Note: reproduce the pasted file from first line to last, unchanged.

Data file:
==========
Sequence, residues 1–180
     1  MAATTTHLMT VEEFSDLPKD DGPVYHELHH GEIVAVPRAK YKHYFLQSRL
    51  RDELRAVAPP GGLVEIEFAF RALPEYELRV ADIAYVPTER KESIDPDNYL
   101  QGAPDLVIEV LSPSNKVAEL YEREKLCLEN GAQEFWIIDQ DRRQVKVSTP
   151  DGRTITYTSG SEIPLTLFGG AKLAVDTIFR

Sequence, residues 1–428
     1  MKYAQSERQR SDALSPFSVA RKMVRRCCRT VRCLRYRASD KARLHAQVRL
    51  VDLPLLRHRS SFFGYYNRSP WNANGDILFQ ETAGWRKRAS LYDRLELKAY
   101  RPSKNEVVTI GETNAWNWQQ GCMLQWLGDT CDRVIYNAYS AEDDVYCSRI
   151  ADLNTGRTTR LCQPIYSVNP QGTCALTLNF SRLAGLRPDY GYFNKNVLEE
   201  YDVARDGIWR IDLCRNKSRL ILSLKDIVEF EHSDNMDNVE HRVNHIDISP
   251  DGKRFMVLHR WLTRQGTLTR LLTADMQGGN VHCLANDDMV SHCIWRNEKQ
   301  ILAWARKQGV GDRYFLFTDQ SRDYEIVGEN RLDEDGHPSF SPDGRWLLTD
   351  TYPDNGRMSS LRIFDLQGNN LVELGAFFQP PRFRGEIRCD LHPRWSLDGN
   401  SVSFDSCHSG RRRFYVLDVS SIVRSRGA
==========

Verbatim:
Sequence, residues 1–180
     1  MAATTTHLMT VEEFSDLPKD DGPVYHELHH GEIVAVPRAK YKHYFLQSRL
    51  RDELRAVAPP GGLVEIEFAF RALPEYELRV ADIAYVPTER KESIDPDNYL
   101  QGAPDLVIEV LSPSNKVAEL YEREKLCLEN GAQEFWIIDQ DRRQVKVSTP
   151  DGRTITYTSG SEIPLTLFGG AKLAVDTIFR

Sequence, residues 1–428
     1  MKYAQSERQR SDALSPFSVA RKMVRRCCRT VRCLRYRASD KARLHAQVRL
    51  VDLPLLRHRS SFFGYYNRSP WNANGDILFQ ETAGWRKRAS LYDRLELKAY
   101  RPSKNEVVTI GETNAWNWQQ GCMLQWLGDT CDRVIYNAYS AEDDVYCSRI
   151  ADLNTGRTTR LCQPIYSVNP QGTCALTLNF SRLAGLRPDY GYFNKNVLEE
   201  YDVARDGIWR IDLCRNKSRL ILSLKDIVEF EHSDNMDNVE HRVNHIDISP
   251  DGKRFMVLHR WLTRQGTLTR LLTADMQGGN VHCLANDDMV SHCIWRNEKQ
   301  ILAWARKQGV GDRYFLFTDQ SRDYEIVGEN RLDEDGHPSF SPDGRWLLTD
   351  TYPDNGRMSS LRIFDLQGNN LVELGAFFQP PRFRGEIRCD LHPRWSLDGN
   401  SVSFDSCHSG RRRFYVLDVS SIVRSRGA